An effective offensive security posture requires a combination of human tradecraft, secure infrastructure policies, practices, and a strategy for responding to and mitigating risks before they happen.
2.3 SURVEILLANCE WITHIN GOVERNMENT
Government surveillance evokes the image of federal agents in the back of a van listening to people’s private phone conversations or tracking their whereabouts. More commonly, the government uses digital or physical surveillance methods to identify and track bad actors and terrorists, break up counterfeit or money laundering organizations, and expose disinformation campaigns from hundreds of miles away.
Today’s surveillance programs work to ensure real-time situational awareness when responding to public threats and collecting evidence in the event of an incident. Surveillance programs are not always nefarious, but organizations must also defend against these tactics to ensure the integrity of their sensitive information. Below are a few insights into how the intelligence community builds its surveillance programs.
2.3.1 ESTABLISH THE GOALS, METHODS, AND OBJECTIVES UP FRONT
Each initiative, system, or program must have specific goals and methods defined, whether offensive or defensive surveillance. These programs must be regularly reviewed with all stakeholders and have clearly defined goals. There is no argument that the IC indexes and stores information across all communications and internet activity that passes through a collection site. These agencies develop the insight to detect anomalous events and suspicious activity and enhance their SIGINT or open-source intelligence (OSINT) capabilities.
2.3.2 DATA COLLECTION AND STORAGE
All surveillance programs that involve data collection or transport should have clearly defined protocols for securing and transporting information to stakeholders. They must adhere to documented procedures and security controls for data collection.
2.3.3 DATA TRANSFER
Organizations should not transfer sensitive surveillance data unless it is necessary. However, if there is a need to move sensitive data, actions must adhere to agreed-upon methods such as data obfuscation, deception, sharing agreements, or smart contracts.
2.4 A FOCUSED PLAN TO DEFEND “THE FORT”
From a defense perspective, there are four strategic focuses the DoD and IC have adopted to protect themselves. The US government is going through a transformation to ensure its infrastructure, workforce, endpoints, and sensitive data are protected as they defend against adversarial cyber bad actors. The IC and DoD are following several best practices; below are just some of the approaches they are taking:
• Focus 1: Establish a Resilient Cyber Defense Posture – Build a cyber-resilient defense posture that
combines human tradecraft, architecture and engineering, and the delivery of new technologies and capabilities to support current information and communication platforms.
• Focus 2: Build a Secure and Defensible Information Environment –
The DoD and IC are migrating to eliminate silos and share information across IT infrastructures, services, and intelligence capabilities. Because determined nation-state hackers consistently barrage the DoD/IC, it must maintain a high level of operational awareness. The DoD/IC can increase mission effectiveness and improve cyber defense efforts by sharing information amongst various agencies.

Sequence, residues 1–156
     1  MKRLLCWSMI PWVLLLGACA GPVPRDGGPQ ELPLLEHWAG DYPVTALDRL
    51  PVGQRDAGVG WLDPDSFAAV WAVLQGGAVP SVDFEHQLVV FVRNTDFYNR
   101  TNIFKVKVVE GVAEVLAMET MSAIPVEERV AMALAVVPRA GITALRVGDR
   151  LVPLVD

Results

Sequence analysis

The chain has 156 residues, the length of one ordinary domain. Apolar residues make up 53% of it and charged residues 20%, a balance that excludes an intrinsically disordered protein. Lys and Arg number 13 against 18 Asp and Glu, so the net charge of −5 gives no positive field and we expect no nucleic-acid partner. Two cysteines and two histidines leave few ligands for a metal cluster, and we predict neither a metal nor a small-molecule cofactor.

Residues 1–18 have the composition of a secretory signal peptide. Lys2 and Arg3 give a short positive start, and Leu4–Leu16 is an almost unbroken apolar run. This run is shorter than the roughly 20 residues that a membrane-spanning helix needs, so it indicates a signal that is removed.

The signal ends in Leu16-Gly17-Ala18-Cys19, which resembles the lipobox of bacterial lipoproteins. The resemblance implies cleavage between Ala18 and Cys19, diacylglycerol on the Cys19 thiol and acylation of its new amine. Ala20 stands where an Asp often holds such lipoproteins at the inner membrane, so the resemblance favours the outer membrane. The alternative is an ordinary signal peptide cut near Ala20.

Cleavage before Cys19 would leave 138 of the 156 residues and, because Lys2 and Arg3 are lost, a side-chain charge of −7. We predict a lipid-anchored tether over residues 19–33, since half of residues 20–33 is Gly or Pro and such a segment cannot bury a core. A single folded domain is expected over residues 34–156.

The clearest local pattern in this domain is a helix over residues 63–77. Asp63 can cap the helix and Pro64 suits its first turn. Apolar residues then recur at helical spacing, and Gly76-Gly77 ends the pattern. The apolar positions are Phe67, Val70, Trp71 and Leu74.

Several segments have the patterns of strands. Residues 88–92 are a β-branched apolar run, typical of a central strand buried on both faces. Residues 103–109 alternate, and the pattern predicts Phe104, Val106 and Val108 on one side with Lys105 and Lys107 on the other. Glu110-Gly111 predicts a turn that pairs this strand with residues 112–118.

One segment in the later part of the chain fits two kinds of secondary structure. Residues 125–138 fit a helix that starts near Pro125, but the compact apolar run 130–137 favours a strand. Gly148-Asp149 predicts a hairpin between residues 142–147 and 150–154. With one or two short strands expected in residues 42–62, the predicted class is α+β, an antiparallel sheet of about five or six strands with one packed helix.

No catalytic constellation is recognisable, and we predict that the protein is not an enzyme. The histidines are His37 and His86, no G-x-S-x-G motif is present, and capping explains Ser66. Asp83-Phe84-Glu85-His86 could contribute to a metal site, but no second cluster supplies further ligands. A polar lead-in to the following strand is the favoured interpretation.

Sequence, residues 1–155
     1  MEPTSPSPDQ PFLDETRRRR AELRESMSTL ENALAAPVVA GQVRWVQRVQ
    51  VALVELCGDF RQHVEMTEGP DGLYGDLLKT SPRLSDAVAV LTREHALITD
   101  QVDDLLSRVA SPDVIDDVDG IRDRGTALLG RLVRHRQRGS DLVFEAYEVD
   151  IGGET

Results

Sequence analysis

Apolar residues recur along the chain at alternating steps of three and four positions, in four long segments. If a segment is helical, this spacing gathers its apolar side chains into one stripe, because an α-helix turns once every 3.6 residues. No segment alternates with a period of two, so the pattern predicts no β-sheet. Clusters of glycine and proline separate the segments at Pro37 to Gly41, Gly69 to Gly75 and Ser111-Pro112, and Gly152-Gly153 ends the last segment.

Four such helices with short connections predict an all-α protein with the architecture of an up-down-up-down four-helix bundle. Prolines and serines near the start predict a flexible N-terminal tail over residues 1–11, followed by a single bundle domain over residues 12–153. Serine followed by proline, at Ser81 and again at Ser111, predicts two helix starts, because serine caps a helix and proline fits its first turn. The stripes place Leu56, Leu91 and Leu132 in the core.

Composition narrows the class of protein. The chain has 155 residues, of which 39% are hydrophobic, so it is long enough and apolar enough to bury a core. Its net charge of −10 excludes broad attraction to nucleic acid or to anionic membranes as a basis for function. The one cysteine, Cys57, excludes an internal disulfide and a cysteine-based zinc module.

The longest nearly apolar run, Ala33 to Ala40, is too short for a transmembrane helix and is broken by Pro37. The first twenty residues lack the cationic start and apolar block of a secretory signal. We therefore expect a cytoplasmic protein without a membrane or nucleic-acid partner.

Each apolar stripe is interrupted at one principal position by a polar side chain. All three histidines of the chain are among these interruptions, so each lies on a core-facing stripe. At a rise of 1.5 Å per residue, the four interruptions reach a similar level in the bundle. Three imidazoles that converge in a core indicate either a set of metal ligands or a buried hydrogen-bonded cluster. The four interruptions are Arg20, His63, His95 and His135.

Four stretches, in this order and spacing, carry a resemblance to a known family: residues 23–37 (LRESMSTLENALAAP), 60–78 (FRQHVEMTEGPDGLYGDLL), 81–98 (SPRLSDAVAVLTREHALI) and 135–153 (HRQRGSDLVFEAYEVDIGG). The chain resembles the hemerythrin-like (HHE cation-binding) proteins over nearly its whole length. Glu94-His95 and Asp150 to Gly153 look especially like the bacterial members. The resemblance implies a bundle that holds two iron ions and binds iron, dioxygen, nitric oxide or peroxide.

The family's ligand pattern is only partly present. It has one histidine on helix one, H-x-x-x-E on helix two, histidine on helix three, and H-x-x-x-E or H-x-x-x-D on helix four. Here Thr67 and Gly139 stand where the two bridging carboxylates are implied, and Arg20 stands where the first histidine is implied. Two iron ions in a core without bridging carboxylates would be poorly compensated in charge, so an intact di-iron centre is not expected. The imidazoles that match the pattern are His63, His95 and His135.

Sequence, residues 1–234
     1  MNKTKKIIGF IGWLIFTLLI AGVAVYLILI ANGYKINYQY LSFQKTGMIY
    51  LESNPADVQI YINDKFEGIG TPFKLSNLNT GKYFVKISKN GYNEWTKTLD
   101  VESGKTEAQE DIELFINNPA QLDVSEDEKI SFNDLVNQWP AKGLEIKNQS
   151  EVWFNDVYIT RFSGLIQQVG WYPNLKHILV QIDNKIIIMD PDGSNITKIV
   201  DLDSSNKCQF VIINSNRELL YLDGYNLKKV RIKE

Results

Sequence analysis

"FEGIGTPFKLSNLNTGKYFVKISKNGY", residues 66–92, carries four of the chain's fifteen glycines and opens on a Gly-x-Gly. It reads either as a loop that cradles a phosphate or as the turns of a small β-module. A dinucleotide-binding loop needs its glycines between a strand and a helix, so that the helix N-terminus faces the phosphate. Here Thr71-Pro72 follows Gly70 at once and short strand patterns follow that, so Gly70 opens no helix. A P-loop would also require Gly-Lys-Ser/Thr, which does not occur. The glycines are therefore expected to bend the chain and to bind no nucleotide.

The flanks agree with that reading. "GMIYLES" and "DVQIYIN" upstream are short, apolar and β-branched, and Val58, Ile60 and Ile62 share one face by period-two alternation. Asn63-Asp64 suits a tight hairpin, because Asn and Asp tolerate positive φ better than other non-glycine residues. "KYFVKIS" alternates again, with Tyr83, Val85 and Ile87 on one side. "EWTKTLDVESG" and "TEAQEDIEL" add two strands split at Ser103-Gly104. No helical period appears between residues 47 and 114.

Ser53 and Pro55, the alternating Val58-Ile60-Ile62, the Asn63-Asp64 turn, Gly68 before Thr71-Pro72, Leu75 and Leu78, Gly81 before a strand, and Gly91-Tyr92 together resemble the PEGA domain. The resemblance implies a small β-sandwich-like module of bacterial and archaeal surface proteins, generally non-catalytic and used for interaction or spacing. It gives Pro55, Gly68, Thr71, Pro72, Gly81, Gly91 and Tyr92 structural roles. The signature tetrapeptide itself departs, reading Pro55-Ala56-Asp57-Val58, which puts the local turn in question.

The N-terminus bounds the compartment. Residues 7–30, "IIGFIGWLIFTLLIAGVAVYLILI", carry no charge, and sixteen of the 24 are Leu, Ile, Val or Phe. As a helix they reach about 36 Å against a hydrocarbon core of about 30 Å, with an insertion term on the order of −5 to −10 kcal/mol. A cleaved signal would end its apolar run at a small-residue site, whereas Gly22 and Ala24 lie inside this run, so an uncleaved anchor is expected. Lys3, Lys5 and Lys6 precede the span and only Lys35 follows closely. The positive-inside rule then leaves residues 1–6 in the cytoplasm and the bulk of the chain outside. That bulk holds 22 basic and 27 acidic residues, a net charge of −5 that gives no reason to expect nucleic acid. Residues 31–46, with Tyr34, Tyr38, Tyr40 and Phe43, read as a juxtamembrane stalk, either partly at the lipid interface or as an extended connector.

• Focus 3: Practice Cyber Hygiene for Systems and Data Protection –
Cyber hygiene exists to create a secure environment that impedes the bad actor’s ability to gain access, establish a presence, infiltrate deeper into the network, and attack or exfiltrate data. Understanding where to interrupt the intrusion to protect the data is critical to designing capabilities that harden and defend against an attack.
• Focus 4: Strengthen Data Defenses – Shoring up the confidentiality
and integrity of information throughout its lifecycle (i.e., create, transmit, process, and store) is critical to maintaining end-user trust in DoD/IC systems. The use of multiple tools and technologies, including public key infrastructure, data obfuscation, and other cryptographic-based technologies, is already building a foundation for protecting and sharing information within DoD, the IC, its partners, and other agencies.
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Implementing the above strategic imperatives requires a significant transformation within the DoD and IC. New processes, policies, and especially data protection technologies are already helping with discrete actions, information sharing, and reducing the data silos within the DoD and IC.
Executing these next steps will require a commitment to continued and increased cooperation and collaboration across the cyber community, including the intelligence, counterintelligence, and security partners, alignment of cybersecurity and defense strategies, plans, projects, and initiatives across DoD, and a DoD organizational construct that will foster the accomplishment of these objectives.
The use of technology to accomplish these objectives, including the deployment of techniques such as obfuscation and non-attribution will help operational teams achieve the desired reduction in risk of network monitoring and other offensive measures from an adversary.